Hybrids represent a transformative technology between gasoline and electric vehicles.
Until we fully surrender to all-electric (or, probably fuel-cell) vehicles, internal combustion engine is here to stay for, probably a few decades more. It still keeps getting better, more fuel efficient and still significantly cheaper.
General Motors (GM) of today has a strong portfolio of cars with different versions of electric-drive (EV) technology.
With the Malibu as hybrid, Volt an EV with range extender and free of range anxiety and finally Bolt, as a pure EV with an impressive range of 380 kilometers, GM is doing its part to embrace and develop EV technology. I humbly and subjectively think that while GM is making a business case, the company is paying also for its sins in the past. (Remember the killing of EV-1 in mid nineties)
I drive to Detroit every January since 2011 to visit NAIAS (North American International Auto Show). This year was not exception. And this time, the Chevrolet Malibu Hybrid was my roadmate.
As soon as I hit the road, I noticed that it is still a pleasure to drive a sedan, in an SUV-crazy North American taste of mobility. The Chevy dirves well, built solid and behaves welI on the road. Part of my trip was under snow-covered parts of the 401 between Woodstock and London in the very early morning hours. I am happy to see to vast improvement in the quality of GM vehicles in the post-bankruptcy era.
Engine And Drivetrain
The Malibu Hybrid houses a new, direct-injected 1.8L I4 engine mated to a two-motor drive unit. This drive unit, based on the one used in the Chevy Volt, provides additional power to assist the engine during acceleration. The gas engine is rated 122 hp at 5,000 rpm and 129 lb-ft of torque at 4,750 rpm. One electric motor generates 55 kW of power, while the second motor provides 76 kW of power. In conjunction with the gas engine, total system output rates 182 hp and 277 lb-ft. Juice is stored in and supplied to the two-motor drive unit via an 80-cell, 1.5 kW-hr lithium-ion battery pack. Chevrolet claims the Malibu can accelerate up to 88 km/h solely on electric power. The Malibu Hybrid also uses the Volt’s blended regenerative braking system to recover kinetic energy during braking.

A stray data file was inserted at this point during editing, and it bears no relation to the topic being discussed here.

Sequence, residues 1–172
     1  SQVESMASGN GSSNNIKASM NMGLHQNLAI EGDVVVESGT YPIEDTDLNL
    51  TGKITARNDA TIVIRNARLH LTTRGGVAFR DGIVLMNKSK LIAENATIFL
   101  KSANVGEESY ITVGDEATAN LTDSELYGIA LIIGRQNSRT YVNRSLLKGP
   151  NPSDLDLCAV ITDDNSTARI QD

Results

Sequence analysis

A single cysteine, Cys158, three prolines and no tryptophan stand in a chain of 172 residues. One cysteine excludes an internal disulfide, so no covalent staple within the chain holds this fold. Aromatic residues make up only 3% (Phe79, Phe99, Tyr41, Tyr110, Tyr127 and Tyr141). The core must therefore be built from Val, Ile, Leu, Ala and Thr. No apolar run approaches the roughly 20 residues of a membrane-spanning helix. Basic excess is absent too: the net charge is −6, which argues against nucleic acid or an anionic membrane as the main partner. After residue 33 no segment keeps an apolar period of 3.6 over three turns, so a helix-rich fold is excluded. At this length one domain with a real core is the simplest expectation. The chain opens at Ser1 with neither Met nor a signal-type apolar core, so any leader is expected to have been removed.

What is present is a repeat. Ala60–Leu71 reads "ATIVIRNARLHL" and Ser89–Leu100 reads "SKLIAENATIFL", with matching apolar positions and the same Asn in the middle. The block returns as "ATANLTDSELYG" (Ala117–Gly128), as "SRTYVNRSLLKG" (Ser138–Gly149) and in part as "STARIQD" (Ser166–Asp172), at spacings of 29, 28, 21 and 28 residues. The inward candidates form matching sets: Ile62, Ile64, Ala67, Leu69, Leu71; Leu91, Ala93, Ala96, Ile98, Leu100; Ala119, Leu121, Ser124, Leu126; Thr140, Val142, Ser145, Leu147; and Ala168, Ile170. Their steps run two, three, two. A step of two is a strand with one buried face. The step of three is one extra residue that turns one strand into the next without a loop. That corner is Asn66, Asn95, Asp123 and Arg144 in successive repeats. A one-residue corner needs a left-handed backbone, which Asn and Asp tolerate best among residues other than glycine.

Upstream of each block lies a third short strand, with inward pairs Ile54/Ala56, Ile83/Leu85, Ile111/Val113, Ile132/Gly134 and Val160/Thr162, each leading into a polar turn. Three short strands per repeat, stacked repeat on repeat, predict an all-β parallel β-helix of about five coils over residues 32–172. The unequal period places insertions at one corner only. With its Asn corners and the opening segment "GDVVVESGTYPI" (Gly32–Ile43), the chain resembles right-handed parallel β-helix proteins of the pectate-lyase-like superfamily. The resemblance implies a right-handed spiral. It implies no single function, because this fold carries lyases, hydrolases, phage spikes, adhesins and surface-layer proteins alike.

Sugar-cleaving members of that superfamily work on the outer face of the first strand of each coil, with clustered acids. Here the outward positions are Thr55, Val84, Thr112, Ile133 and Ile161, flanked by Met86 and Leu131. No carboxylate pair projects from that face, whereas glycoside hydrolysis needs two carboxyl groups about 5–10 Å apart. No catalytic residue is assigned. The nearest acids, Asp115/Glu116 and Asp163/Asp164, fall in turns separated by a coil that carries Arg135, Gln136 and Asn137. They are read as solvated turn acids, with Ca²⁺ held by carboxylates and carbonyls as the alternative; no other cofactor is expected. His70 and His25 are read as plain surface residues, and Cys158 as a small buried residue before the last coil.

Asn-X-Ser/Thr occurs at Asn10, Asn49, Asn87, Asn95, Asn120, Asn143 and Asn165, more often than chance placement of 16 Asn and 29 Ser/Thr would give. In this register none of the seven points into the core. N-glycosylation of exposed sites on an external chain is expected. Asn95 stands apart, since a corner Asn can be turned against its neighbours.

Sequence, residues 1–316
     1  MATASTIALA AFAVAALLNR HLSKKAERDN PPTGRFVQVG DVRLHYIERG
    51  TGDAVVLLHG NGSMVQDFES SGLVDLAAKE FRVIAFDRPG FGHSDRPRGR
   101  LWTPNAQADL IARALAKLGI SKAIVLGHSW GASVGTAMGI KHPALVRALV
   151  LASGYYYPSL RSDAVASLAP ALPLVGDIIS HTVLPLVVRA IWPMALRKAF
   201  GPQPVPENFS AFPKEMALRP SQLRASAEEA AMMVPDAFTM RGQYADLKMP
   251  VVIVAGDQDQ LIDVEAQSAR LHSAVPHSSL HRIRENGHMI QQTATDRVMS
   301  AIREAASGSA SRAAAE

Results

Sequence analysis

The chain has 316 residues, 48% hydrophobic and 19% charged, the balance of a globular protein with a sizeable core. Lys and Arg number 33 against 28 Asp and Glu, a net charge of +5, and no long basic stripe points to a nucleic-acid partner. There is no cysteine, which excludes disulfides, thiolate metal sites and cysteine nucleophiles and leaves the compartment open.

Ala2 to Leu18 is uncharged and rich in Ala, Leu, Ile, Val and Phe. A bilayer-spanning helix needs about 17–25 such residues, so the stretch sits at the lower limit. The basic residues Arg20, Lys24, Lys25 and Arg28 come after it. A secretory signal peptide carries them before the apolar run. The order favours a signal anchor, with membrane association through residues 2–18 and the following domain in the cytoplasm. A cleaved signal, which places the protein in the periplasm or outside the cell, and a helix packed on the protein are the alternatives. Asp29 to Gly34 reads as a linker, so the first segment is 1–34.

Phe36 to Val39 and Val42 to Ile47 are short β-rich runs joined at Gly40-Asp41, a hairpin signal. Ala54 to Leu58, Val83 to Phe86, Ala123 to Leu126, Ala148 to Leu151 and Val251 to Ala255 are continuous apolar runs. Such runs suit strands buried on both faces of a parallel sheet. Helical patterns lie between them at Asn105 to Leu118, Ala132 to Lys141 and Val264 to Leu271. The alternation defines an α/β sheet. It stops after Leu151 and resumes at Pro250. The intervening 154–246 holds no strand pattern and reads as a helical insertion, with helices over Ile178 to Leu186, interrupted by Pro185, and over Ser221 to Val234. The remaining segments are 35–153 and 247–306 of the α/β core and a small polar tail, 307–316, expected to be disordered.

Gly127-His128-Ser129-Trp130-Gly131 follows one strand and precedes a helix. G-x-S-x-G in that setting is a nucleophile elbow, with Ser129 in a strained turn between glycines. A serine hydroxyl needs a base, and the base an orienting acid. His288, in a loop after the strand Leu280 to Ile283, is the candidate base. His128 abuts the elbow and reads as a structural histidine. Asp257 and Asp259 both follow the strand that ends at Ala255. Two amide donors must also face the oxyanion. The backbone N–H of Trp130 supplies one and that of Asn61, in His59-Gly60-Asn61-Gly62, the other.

A new technology launched with this model is Exhaust Gas Heat Recovery (EGHR) system, which uses exhaust heat to warm the engine and cabin. EGHR improves engine warm-up and helps offer consistent fuel economy performance in cold weather. Although I did not have an instrumental measurement, my trip to Detroit in a very cold night was very comfortable, and I assume, this feature was helpful.
After one-week test-drive of 1,168 kilometers mostly on the highway and including a return trip from Toronto to Detroit, the average consumption was 7 liters. This is impressive considering the fact that hybrids make a bigger difference when driven in the city. However, it is still significantly higher than Government of Canada measurement of 5.5 liter. So, as advised, always use these figures for comparison purposes.
In the last couple of years, GM achieved a lot when it comes to green, technologies. My impressions with the last generation Volt was amazing. And the full-EV Bolt will most probably will turn another page in the history of EV’s. And for “moderately environmentalists” who will always remain connected to a traditional internal combustion engine, the Malibu Hybrid is a very fuel-efficient hybrid, which drives, equipped and priced well. The cost recovery is still an issue, depending your annual mileage.
If you are, for example, an Uber driver, have a closer look at this vehicle.
Also worth remembering that the Malibu is the only midsize car with a sales growth in 2016 in a market with customers migrating to SUV’s.
Type of vehicle: Mid-size sedan
Engine: 1.8L Hybrid, DOHC, I4 SIDI
Transmission: 6-speed, automatic
Price (base/as tested): $28,850 / $36,530
Destination charge: CAD 1,650
Natural Resources Canada fuel economy (L/100 km): 4.8 city; 5.5 highway; 5.1 combined
Leather and convenience package: (convenience & tecnology package, leather appointed seating surfaces, heated front seats, 6-way power front passenger seat with power lumbar, Bose premium 9-speaker system, MyLink radio (TM) with navigation, Leather & convenience package credit (-525), blue velvet metallic
Total Price as Tested: $36,530
Article: Varol McKars
Pictures: Varol McKars, Basak McKars
Test vehicle was provided by GMC Canada (via BHG Media Fleet)
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